• Dextrometorphan and quinidine

Communication difficulties           

  • Speaking techniques
  • Low-tech augmentative and alternative communication tools
  • Voice amplifiers
  • Light writers


  • Amitriptyline
  • Psychological support, counselling
  • Citalopram


  • Modafinil

Dental Treatment Modifications in ALS

ALS symptom

Treatment Modification

Advanced disease

Care provider to learn oral home care


Semi-supine treatment position


Nutritional counseling

Excessive saliva

Additional practitioner to assist with HVE(high volume evacuation)

Muscle weakness/spasticity

Shorter appointment time or frequent breaks during appointment

Muscle weakness/spasticity

Bite block/assistance with holding mouth open

  • Decreased muscular activity of the tongue and the perioral musculature may lead to poor oral hygiene.
  • Mechanical toothbrushes, fluoride rinses, and more frequent periodontal recall may be beneficial.

Parkinson’s disease was first described by Dr. James Parkinson in 1817 as a “shaking palsy.”

It is a chronic, progressive neurodegenerative disease characterized by both motor and non-motor features.

Numerous risk factors and genetic mutations are associated with PD.

Risk factors:

  1. Elevated cholesterol
  2. Environmental toxins
  • Carbon disulfide
  • Cyanide
  • Herbicides
  • Methanol and organic solvents
  • Pesticides
  1. Head trauma
  2. High caloric intake
  3. Increased body mass index
  4. Inflammation associated with activation of microglia
  5. Methcathinone (manganese content)
  6. Methamphetamine/amphetamine abuse
  7. Mitochondrial dysfunction
  8. Nitric oxide toxicity
  9. Oxidative stress:
  • Formation of free radicals (e.g., hydrogen peroxide)
  • Potent neurotoxins (e.g., 1-methyl-4-phenyl-1,2,3,6-tetrahydropyridine)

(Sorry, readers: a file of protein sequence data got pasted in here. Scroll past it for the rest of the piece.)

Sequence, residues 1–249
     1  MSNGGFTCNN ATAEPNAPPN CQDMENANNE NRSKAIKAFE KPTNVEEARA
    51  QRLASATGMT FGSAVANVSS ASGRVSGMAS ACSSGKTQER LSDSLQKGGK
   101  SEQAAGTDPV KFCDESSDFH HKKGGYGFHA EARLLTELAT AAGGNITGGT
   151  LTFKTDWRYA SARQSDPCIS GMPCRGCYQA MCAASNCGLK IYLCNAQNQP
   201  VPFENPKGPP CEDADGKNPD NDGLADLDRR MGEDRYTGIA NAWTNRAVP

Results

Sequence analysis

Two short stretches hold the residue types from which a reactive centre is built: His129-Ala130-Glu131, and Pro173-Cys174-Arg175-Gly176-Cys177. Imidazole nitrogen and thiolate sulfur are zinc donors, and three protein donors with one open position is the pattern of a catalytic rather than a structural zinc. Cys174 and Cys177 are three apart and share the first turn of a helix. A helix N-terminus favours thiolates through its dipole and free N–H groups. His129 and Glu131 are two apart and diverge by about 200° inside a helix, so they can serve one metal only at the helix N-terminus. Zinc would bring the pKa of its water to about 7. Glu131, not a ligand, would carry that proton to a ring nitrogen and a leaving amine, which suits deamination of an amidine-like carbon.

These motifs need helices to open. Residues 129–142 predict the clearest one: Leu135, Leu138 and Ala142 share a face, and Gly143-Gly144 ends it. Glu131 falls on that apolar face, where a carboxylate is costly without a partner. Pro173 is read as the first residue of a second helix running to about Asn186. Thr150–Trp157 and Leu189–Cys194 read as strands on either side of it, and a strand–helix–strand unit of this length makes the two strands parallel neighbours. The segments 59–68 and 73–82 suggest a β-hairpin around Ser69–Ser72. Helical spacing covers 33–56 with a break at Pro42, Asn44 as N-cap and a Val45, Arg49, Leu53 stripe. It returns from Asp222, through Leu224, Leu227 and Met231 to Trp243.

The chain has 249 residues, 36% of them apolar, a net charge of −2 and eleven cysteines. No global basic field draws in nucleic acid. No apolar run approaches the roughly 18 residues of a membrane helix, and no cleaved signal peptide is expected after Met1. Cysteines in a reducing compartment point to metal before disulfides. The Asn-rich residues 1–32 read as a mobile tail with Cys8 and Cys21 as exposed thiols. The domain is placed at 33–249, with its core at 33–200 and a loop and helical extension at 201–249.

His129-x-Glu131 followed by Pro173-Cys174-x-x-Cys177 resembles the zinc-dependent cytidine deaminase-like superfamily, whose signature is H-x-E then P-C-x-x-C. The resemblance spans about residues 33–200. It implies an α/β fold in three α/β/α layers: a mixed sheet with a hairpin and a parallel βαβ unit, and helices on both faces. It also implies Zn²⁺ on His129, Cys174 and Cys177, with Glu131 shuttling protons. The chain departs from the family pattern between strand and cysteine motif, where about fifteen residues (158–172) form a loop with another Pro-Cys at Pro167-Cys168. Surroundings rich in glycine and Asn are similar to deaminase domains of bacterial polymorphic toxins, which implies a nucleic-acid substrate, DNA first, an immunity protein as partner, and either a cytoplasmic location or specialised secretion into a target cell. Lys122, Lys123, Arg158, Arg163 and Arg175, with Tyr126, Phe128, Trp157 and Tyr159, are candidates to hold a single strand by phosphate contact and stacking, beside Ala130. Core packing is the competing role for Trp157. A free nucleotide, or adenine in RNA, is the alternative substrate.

1. Post-infection states
  2. Signal-mediated apoptosis
  • Alpha-synuclein gene (SNCA)
  • Eukaryotic translation initiation factor 4 gamma 1 gene (EIF4G1)
  • Glucocerebrosidase gene (GBA)
  • Leucine-rich repeat kinase 2 (LRRK2) gene loci
  • PTEN-induced putative kinase 1 (PINK1) gene loci
  • Superoxide dismutase 2 gene (SOD2)
  • Vacuolar protein sorting 35 homolog gene (VPS35)
  • Parkinson disease is a neurodegenerative syndrome involving multiple motor and non-motor neural circuits.
  • It is characterized by two major pathologic processes:

(a) Premature selective loss of dopamine neurons.

(b) The accumulation of Lewy bodies, composed of α-synuclein, which become  misfolded and accumulate in multiple systems of patients with PD.

Affect the age group 55–75 years.

  1. Cardinal Motor Features (“Classical Triad”)
  • Bradykinesia
  1. Occurs in 80% to 90% of patients
  2. Slowness of movement
  3. Decreased amplitude of movement
  • Rigidity
  1. Occurs in 80% to 90% of patients
  2. Resistance to passive movement in both flexor and extensor muscles with limb relaxed.
  3. Often accompanied by “cogwheel” phenomenon
  • Tremor at rest
  1. Common initial symptom (70% to 90% of patients).
  2. Often resolves with action or during sleep.
  3. Primarily distal, involving hands.
  4. May also involve jaw, tongue, lips, chin, or legs.


  • Postural instability
  1. Predisposes patients to falls and injuries
  2. Occurs in later stages of Parkinson’s disease
  3. Results from loss of postural reflexes
  • Dysarthria
  • Dystonia

Autonomic Dysfunction

  • Constipation (parasympathetic nervous system cholinergic)
  • Orthostatic hypotension (sympathetic nervous system noradrenergic)
  • Sexual dysfunction (parasympathetic nervous system cholinergic)
  • Sweating (sympathetic nervous system cholinergic)